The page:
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Annual High Country Association of Realtor Sales on Pace for Another Growth Year

For the month, there were 233 homes worth $6678 million sold by realtors in the four-county area, as recorded by the High Country Multiple Listing Service. The average price for the month – total value divided by total sales – was $286,593, a high for the year.

With two months remaining in 2017, local Realtors® are slightly ahead of last year’s sales pace, 1,785 to 1,763. That’s a 1.2 percent increase year over year. With regard to value, Realtors have this year so far sold $461.47 million in property, up 5.8 percent from the first 10 months of 2016.

If trends continue, 2017 will extend to seven the number of consecutive years sales have increased year-to-year. In 2010, local Realtors sold 939 homes total.

Inventory levels are down to where they were in April. As of November 18, there were 2,036 active listings within the MLS, down from the year high of about 2,430 in mid-August.

As sales have remained steady, interest rates have slowly climbed. As of November 16, the 30-year fixed rate was 3.95 percent, according to loan giant Freddie Mac. The rate peaked at 4.3 percent in mid-March, and steadily fell to 3.78 percent by mid-August. It’s been trending upward since.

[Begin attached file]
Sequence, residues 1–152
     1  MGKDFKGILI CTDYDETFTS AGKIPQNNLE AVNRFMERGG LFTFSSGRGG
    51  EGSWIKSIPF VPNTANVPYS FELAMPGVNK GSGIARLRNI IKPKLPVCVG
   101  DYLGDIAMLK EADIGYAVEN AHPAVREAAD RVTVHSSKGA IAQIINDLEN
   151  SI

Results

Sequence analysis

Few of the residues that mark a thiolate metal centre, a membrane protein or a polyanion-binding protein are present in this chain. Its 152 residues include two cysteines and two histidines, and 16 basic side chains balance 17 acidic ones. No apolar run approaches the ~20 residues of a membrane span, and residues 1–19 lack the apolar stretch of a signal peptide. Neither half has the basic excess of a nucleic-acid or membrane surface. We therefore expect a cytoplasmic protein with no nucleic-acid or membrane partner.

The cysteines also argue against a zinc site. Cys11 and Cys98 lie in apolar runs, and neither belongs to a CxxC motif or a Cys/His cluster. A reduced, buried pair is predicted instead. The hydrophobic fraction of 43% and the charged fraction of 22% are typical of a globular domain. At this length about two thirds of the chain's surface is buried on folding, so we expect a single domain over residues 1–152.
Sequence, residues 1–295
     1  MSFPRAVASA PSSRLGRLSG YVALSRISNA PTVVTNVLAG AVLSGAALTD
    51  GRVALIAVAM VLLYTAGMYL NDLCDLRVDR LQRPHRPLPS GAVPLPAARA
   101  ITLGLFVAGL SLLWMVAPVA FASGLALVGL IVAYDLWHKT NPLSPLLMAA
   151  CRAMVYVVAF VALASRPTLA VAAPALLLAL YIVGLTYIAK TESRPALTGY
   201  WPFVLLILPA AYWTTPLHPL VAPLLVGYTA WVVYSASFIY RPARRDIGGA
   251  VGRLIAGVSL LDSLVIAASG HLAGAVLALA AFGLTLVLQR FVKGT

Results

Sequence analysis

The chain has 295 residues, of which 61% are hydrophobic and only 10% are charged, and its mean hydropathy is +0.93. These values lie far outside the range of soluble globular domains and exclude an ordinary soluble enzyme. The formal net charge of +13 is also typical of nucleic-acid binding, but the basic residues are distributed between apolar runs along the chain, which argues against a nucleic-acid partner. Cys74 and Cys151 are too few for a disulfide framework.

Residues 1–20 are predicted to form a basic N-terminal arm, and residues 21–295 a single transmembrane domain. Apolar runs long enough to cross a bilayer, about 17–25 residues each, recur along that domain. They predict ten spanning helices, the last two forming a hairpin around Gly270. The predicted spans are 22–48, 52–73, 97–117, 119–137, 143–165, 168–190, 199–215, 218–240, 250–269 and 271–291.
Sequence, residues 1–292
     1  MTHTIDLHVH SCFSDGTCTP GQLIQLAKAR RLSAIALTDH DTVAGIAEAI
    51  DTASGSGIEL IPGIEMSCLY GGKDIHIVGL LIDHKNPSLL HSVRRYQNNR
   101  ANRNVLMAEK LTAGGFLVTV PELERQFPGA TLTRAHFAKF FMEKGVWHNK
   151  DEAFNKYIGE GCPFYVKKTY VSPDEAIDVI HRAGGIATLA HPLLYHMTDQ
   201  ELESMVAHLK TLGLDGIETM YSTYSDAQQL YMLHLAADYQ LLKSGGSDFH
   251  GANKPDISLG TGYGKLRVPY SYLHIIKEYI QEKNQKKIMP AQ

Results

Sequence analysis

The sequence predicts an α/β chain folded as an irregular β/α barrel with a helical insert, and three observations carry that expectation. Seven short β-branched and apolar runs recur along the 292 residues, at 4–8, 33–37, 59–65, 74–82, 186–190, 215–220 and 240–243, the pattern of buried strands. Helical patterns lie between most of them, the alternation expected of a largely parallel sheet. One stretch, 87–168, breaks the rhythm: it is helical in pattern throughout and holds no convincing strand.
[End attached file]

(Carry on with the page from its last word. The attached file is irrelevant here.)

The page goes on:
A year ago the rate jumped from 3.57 percent to 3.97 percent a week after the election (November 17).

The 15-year fixed rate is 3.31 percent.

Bankrate.com, which puts out a weekly mortgage rate trend index, found that half of the experts it surveyed say rates will remain relatively stable in the coming week.

Nationally, inventory remains tight and activity muted due to hurricanes earlier this year. For September, the most recent month in which national statistics are available, existing home sales were up .7 percent. That was the second smallest month-to-month growth of the year, and below the 1.5 percent increase from August to September 2016.

“Home sales in recent months remain at their lowest level of the year and are unable to break through, despite considerable buyer interest in most parts of the country,” said Lawrence Yun, National Association of Realtors chief economist. “Realtors® this fall continue to say the primary impediments stifling sales growth are the same as they have been all year: not enough listings – especially at the lower end of the market – and fast-rising prices that are straining the budgets of prospective buyers.”

The median existing-home price for all housing types in September was $245,100, up 4.2 percent from September 2016 ($235,200).